With the laps dwindling now, Christie swooped in on Wood and drove underneath him exiting turn four, John setting off after Murray next. But, although he was slowly closing the gap, he was definitely running out of time with less than four to go now. Murray was therefore the winner with still quite a healthy gap back to Christie (his second spot to prove crucial though, when it came to determining pole for the final), Wood, Hillard, Waller-Barrett, Kew, and the impressive Derek Martin.

Fellow NI racers Maxwell and Martin headed heat three away, with McDonald, John Sibbald and Christie right behind and teeing up what was already looking like another classic race. But before they could really get down to brass tacks Bonnar and Haird got together along the home straight, Bonnar ending up in the wall with Haird stopped on the infield, but yellow flags were definitely necessary for where Bonnar was parked. Crucially though, McDonald had just managed to seize the lead from Maxwell seconds before the caution came down.

At the restart, McDonald headed an all-Ulster scrap between Maxwell, Martin and Christie with Martin slipping into second down the inside into turn one. Christie also quickly relegated Maxwell and then blitzed past Martin (who wasn’t exactly hanging about anyway) to begin working on the big gap between himself and the leader. The only problem was, the gap wasn’t coming down, underlining just how quick McDonald was going. If that visit to a domestic Scots qualifier at Lochgelly last month was in the nature of a test for Rob, it was certainly paying dividends.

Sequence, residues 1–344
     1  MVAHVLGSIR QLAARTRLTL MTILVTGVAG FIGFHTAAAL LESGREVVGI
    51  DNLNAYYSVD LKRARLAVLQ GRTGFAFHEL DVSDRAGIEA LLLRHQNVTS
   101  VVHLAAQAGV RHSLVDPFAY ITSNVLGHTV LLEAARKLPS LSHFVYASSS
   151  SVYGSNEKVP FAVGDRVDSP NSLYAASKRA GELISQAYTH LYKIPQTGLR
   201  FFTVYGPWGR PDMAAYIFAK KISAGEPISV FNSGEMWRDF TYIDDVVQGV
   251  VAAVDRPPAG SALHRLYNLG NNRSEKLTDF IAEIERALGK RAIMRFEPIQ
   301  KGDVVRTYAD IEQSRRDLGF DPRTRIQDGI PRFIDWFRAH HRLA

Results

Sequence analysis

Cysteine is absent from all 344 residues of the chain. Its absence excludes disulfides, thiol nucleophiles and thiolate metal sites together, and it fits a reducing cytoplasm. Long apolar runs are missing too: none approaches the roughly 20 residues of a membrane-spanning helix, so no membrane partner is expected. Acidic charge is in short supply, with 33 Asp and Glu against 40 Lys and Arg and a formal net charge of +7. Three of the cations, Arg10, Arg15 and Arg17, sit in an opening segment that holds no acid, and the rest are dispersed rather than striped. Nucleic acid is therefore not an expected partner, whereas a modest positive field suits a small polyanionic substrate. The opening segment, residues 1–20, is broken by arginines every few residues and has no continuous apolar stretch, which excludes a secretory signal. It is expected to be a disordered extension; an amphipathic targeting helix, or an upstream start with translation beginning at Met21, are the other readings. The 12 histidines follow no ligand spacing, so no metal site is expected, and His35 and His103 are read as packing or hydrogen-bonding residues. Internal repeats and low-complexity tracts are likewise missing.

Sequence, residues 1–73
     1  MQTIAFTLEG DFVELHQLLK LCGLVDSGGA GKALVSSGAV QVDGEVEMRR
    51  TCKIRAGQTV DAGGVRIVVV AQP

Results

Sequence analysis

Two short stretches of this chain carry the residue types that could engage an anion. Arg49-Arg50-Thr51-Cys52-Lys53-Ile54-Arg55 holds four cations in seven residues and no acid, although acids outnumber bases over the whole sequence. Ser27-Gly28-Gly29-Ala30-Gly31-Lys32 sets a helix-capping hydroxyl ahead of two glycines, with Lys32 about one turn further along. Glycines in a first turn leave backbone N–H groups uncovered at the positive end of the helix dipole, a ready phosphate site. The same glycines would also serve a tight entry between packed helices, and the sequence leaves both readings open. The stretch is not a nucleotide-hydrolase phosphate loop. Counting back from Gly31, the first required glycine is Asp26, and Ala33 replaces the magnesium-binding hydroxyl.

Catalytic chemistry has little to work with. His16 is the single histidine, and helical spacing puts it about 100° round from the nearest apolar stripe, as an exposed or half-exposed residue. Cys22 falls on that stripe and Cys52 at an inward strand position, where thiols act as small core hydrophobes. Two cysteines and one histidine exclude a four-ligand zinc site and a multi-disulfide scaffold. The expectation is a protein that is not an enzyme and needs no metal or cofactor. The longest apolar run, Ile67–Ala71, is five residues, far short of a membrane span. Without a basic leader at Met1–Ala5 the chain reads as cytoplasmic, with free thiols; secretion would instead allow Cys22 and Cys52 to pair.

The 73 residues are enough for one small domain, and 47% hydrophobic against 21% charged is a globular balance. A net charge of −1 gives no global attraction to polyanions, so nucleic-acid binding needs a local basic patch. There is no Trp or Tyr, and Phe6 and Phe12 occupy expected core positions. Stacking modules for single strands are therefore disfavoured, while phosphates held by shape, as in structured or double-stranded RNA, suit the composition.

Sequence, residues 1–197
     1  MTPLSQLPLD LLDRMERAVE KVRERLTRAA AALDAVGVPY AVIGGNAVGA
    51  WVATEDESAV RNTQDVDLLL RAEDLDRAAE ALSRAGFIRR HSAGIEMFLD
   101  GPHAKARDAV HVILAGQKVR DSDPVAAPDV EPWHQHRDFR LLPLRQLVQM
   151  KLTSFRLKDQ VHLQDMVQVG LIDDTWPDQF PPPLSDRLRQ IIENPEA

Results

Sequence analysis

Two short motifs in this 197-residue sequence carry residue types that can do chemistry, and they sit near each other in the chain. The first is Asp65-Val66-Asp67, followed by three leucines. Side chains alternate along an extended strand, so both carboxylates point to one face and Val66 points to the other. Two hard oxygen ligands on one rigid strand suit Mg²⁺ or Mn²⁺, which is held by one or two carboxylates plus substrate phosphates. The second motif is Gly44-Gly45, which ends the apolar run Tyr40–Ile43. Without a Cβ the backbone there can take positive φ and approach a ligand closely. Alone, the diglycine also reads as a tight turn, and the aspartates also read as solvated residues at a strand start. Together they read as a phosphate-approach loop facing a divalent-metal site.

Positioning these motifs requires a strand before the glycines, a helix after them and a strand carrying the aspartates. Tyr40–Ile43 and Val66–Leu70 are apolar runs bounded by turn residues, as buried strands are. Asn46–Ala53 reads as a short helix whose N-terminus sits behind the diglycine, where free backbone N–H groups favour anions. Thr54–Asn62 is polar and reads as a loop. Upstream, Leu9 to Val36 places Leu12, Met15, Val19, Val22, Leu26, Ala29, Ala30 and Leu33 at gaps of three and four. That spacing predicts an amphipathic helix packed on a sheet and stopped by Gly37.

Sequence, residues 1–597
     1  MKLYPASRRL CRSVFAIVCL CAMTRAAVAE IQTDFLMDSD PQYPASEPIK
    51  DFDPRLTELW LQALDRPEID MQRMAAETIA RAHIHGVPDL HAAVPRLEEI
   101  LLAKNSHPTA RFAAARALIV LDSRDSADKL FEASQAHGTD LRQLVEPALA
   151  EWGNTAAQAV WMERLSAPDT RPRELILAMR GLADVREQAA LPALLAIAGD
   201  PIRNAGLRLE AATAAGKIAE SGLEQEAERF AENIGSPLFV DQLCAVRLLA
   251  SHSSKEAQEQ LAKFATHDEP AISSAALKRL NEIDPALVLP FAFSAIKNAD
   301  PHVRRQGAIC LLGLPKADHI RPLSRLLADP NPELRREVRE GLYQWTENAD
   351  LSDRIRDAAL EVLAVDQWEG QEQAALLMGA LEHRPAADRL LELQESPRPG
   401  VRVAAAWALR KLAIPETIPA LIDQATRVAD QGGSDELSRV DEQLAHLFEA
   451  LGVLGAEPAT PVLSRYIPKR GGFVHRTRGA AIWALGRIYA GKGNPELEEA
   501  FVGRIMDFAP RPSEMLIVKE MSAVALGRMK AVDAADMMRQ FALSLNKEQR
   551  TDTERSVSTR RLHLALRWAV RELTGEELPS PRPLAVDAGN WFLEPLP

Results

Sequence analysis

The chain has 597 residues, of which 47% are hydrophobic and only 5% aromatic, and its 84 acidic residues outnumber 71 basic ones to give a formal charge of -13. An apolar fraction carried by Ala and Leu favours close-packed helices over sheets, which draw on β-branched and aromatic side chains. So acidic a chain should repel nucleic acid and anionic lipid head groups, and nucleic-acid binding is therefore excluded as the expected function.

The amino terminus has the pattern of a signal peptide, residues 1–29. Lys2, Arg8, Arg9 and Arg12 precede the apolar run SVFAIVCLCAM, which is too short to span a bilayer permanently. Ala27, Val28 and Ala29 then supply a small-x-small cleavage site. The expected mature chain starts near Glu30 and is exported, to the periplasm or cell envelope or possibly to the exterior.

Back in the pack the man to watch here was Fiske, who was up to fourth behind Martin when the first of the lap boards appeared at the start/finish. But up front, McDonald actually began to put more daylight between himself and the World champion, Rob accepting the flag some quarter of a lap to the good, while Christie had the same sort of advantage over Martin, Fiske and Sibbald. 

Christie’s second spot had definitely set the seal on pole, although when Carole Longhurst had finished her grid computations (and I found myself wondering quite when was the last time she personally actually had to use a Longhurst points chart!) it was no surprise to find McDonald would start right alongside.

Given the pace of the front runners throughout the heats, there was no doubting that front row had set up what was likely to be a good race. What nobody could have predicted was an amazing dice for the lead almost from green flag to chequers.

The Grid


One prediction which did seem fairly safe, was that we were going to get a new champion, with Haird looking to have just too much to do from back there, and not showing the sort of speed he’d demonstrated last year.

It was McDonald who got the jump at the green flag and, despite Christie immediately fighting back, you could almost see the determination oozing out of the 117 car as Rob refused to back down and found himself able to run outside and neck and neck with the world champion for three laps in a row. Christie finally edged ahead going down the back stretch but from that point on there was never more than a few feet between them at most. And it isn’t like they were dicing in a vacuum either, as Kew was stuck to them like a leech.

The trio gradually eked out the smallest of gaps over the Martin-Murray duel for fourth until the backmarking Paul Yule unwittingly briefly obstructed McDonald going down the home straight and they touched. It was nothing more than a bit of a rub really, but it was enough to let Christie finally gain a bit of breathing space. McDonald still had his hands more than full with Kew’s pressure, at least until Jason also clipped a backmarker (McWilliam) and gave Rob a breathing space of his own.